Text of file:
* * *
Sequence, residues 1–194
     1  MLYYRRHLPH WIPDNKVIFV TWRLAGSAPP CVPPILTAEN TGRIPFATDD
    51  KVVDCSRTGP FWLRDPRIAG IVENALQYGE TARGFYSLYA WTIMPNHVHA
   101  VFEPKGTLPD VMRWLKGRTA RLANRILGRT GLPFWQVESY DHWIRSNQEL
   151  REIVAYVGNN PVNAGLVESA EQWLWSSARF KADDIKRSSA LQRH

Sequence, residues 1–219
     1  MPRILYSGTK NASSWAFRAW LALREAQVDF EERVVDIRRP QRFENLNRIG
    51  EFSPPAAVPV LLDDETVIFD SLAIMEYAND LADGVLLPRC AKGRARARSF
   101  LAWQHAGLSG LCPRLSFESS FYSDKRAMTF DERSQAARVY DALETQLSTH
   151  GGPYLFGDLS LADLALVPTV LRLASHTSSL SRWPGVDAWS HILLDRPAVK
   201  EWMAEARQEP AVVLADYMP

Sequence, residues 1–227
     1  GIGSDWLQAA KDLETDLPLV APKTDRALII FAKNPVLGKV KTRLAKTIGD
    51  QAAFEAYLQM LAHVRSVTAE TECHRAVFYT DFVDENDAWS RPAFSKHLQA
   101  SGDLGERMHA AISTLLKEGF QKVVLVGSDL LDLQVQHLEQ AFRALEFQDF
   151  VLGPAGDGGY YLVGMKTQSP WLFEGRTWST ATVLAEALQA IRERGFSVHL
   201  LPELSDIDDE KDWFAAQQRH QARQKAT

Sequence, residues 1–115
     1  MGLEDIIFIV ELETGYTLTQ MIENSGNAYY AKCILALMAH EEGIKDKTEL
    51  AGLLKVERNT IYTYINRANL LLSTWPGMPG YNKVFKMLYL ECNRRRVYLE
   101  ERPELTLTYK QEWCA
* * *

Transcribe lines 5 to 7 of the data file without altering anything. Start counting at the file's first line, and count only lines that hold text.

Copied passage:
   151  REIVAYVGNN PVNAGLVESA EQWLWSSARF KADDIKRSSA LQRH

Sequence, residues 1–219
     1  MPRILYSGTK NASSWAFRAW LALREAQVDF EERVVDIRRP QRFENLNRIG